Do kayakers have an effect on nature and animals and what impacts does kayaking have on the environment?
We address these questions in detail on this page (because Mother Nature deserves a sustainable approach to this sport and leisure activity).
Table of Contents
- 1 What impacts does kayaking have on the environment? Introduction
- 2 Tips to lower ecological impacts of kayak camping
- 3 Sanitation: What about human feces?
- 4 What impacts does kayaking have on the environment? Final tip
What impacts does kayaking have on the environment? Introduction
We cause an impact just by being out on the water.
It could be as insignificant as being seen by another solitary kayaker or startling a brood of newly hatched mergansers (ducks), to which you came too close.
Whatever it might be, any impact carries a clear obligation that isn’t dissipated once we stop paddling.
The other party still feels our presence, and a panic-stricken duckling might find it overwhelming.
Tips to lower ecological impacts of kayak camping
The same happens if our kayaking trips involve camping (a so-called overnight kayak).
We leave marks on the ground, flattened vegetation under the tent, scuffed plants where we crouched while cooking, and upturned rocks on which we placed our stove.
While we can not avoid all impacts when ashore, there are ways to reduce them in order to experience an ecological-friendly camping trip!
Tips to reduce your impact when ashore
You might be wondering: How do I plan an overnight kayak if I want to respect nature?
Well, you should choose camping areas devoid of plant life if you can find them.
Sand and small gravel can endure the surface disruption of camping with no lasting damage.
If you’ve moved rocks or anything else, put them back before leaving.
Try to leave your campsite as if you were never there; think of the saying:
“Take only memories, leave only footprints”.
If camping spots are scarce, it’s even more important to leave a place in the way you would wish to find it. Respect other kayakers and campers.
Choose the right colors for your equipment
Choose the right colors for your tent and other equipment to decrease the visual effect, especially if camping on the coast.
Mountaineering tents are often brightly colored so they will stand out, and that’s to help in finding your way back.
It’s not such a big deal if you’re kayak camping using the appropriate camping equipment since you’re usually taking your tent and equipment with you upon leaving.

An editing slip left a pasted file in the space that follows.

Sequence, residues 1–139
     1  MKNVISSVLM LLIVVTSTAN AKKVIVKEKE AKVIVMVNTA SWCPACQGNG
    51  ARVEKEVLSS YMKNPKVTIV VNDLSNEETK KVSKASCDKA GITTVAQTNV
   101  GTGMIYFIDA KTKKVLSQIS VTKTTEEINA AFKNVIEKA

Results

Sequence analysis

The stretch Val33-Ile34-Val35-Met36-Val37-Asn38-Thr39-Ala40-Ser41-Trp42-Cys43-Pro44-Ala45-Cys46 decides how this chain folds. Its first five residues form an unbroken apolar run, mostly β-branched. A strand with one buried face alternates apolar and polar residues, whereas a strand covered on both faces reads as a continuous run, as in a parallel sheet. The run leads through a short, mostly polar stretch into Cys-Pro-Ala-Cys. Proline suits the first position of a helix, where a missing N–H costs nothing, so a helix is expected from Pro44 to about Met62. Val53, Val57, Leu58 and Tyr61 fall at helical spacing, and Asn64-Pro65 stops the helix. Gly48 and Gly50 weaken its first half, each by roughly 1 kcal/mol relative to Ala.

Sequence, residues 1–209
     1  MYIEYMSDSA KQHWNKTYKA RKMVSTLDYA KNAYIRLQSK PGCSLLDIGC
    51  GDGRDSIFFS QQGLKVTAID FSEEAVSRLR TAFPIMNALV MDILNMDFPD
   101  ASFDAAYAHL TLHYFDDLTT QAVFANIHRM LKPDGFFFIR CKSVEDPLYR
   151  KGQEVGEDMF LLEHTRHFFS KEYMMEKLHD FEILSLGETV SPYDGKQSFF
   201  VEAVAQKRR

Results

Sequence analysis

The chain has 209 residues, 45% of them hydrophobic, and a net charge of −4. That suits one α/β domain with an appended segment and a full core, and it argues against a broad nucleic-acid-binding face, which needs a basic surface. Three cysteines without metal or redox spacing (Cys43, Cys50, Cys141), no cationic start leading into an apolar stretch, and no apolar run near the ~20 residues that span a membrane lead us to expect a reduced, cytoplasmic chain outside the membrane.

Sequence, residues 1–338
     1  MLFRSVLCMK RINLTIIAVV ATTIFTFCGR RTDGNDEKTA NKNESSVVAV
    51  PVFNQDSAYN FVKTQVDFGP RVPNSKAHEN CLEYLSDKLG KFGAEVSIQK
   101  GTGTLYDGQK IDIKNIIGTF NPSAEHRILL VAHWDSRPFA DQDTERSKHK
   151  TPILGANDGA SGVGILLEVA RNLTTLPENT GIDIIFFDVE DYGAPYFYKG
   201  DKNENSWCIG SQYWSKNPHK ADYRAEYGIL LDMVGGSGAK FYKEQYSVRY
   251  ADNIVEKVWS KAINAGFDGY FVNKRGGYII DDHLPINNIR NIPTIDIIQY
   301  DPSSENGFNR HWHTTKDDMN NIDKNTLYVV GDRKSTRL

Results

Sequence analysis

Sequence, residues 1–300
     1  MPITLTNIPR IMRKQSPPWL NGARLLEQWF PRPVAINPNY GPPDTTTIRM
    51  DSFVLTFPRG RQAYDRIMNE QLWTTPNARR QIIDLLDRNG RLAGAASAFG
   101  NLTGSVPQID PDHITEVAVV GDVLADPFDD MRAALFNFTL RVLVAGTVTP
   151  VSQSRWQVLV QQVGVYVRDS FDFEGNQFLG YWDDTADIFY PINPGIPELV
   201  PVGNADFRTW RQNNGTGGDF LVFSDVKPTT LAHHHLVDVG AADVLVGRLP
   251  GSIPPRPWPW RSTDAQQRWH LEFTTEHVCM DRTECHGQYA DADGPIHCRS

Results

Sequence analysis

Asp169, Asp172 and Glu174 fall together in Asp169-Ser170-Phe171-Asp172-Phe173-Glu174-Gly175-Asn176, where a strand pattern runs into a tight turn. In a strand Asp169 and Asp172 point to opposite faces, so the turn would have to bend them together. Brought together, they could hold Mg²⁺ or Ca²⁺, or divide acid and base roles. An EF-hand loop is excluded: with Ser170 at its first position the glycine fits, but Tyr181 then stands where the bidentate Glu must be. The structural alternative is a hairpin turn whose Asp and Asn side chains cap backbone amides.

Don’t hesitate to use an earth-tone or camouflage camping tent if one is readily available.
Boat colors are different. Makers use bright hull colors for marketing.
The high visibility of such boats on the water is an excellent safety feature and offsets any negative visuality.
Tip: You should also pay attention to the weight carrying capacity of your kayak!
Read our reviews of the best kayaks for the heavier paddler and discover several great models for plus-size people who want to enjoy an overnight kayak.
And while you want your paddle coat and life vest to be highly visible for safety’s sake, your camping equipment can be more controlled.
Sanitation: What about human feces?
How do you plan a kayak without soiling the beautiful surroundings with your excrement?
Human excrement should always be taken away, and this is a requirement on many rivers, especially the more popular ones.
This is achieved by different systems using portable plastic bags, which are totally odor-free.
One popular method involves defecating on a scrap of paper; when you’re ready, pick up the folded paper, drop it into a plastic bag, and close it tightly.
Upon return, dispose of the waste in specialized containers or into pit (not flush) toilets if there aren’t any.
If you can’t do that, the proven system of using pigholes (also known as catholes) is the next best way.
Select the brushiest, least-likely-to-be checked-out spot you can find, the further from camp and water sources, the better, and don’t forget your toilet paper.
We are not talking a few yards here but feet.
What impacts does kayaking have on the environment? Final tip
Even in damp climates, with abundant soil microorganisms, complete underground decomposition of feces is a slow process.
So do all you can to prevent creating one big outhouse in outdoor areas and campsites in the United States.
Final tip: Check out our overview of the best kayaking spots in the US to experience a wonderful kayaking trip!